Each year, New York City celebrates Pride Month with a large procession down 5th Avenue, passing by the Stonewall Inn, the site of a police raid in 1969 that launched the gay liberation movement.

The event, which marks the important political, social, and historic impact of the gay liberation movement, also has a significant physical and spatial impact on the city. We wanted to find the post-pride parade hotspots to assess the effect the parade on local businesses and transit. (And also it’s just kind of cool data).

We took yellow NYC taxi pick-up and drop-off data from Sunday, June 26th, 2016 (NYC only releases taxi data monthly, so we’ll update this once we have 2017 data!), and compared it with data from the previous Sunday (June 19th) to get a somewhat like-for-like comparison.

We plotted taxi drop-off locations where:

  • the origin of the taxi ride was the pride parade area
  • the trip occurred between 4pm and 8pm (when the parade is typically winding down).

We then clustered these points using a commonly used spatial clustering algorithm called DBSCAN, which looks at the density of points within a specified region and groups points if they are sufficiently densely packed.

Because we are interested in finding the specific locations where people go, we set our search radius for the algorithm to be fairly small (10 meters or around 32 feet).

From here, we looked at where these clusters are and what is in the area. Our seasoned team of expert LGBTQ socialites handpicked some of the larger (and thus, more likely) events, businesses, and public venues where we see clusters and used CARTO’s walkshed function to calculate 1-min and 2-min walksheds around these areas to see if the clusters fall in these regions.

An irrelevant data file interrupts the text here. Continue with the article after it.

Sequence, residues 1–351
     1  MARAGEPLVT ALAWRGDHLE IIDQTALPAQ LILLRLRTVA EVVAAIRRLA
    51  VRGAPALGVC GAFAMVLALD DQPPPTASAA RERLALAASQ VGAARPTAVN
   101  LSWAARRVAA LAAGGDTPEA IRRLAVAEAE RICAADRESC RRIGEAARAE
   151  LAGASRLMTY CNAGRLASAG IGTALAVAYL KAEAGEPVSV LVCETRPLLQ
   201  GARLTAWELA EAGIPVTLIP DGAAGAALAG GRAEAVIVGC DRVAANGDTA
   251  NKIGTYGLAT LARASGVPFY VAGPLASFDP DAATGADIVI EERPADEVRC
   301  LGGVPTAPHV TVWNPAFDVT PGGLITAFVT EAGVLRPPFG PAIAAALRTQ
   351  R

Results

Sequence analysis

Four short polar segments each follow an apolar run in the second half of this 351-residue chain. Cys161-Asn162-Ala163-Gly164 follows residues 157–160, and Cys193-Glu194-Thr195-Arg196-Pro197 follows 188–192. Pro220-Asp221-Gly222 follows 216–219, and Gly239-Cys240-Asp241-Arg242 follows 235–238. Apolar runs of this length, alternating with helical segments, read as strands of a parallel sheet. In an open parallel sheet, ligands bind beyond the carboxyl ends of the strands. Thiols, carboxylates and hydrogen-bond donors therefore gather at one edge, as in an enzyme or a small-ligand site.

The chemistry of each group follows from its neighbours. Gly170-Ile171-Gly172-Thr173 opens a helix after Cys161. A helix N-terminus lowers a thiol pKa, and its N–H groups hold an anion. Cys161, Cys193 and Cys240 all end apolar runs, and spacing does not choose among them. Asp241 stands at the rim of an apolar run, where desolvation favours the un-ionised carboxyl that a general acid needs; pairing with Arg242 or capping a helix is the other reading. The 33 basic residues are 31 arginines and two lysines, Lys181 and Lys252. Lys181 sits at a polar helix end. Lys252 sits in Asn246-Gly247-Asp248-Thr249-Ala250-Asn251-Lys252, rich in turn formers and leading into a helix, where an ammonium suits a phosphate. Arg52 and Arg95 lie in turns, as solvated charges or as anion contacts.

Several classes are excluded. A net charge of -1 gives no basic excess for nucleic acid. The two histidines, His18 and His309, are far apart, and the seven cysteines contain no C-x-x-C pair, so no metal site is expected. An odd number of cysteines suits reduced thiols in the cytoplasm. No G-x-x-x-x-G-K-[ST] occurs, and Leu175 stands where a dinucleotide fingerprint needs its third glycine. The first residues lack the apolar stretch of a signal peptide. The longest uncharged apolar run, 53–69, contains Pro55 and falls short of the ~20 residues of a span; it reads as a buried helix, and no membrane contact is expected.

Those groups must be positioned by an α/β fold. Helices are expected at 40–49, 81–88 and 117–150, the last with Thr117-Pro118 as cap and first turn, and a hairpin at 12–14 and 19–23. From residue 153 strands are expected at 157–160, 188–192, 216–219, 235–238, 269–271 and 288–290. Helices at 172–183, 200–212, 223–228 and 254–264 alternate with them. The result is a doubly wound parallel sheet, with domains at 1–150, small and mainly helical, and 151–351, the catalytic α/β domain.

We can see:

  • People are primarily going to commercial regions (rather than residential ones).
  • There is a pretty large concentration around 14th street, at the very west of the city, where Pridefest was, a day-long street fair also part of the Pride festivities, in addition to being a prominent entrance to the Highline and places to go out, such as Le Bain at the Standard.
  • There are also large concentrations of drop-offs at several prominent gay bars including the Eagle, Phoenix, and Barracuda.
  • Concentrations of drop-offs near different hotels across the city, such as the W Hotel and the Continental. This makes sense, as many taxi-riders are likely to be visitors in the city.
  • There are also drop-offs near major transit hubs at Penn Station, Grand Central Terminal, the Best Bus Pick-up and the airport.
  • Lastly, the large cluster around the Jacob Javitts convention center is from a specialty foods convention that was happening at the center that weekend.

Where did people go in 2017? Check back in a few weeks to see what the data tells us. Happy Pride!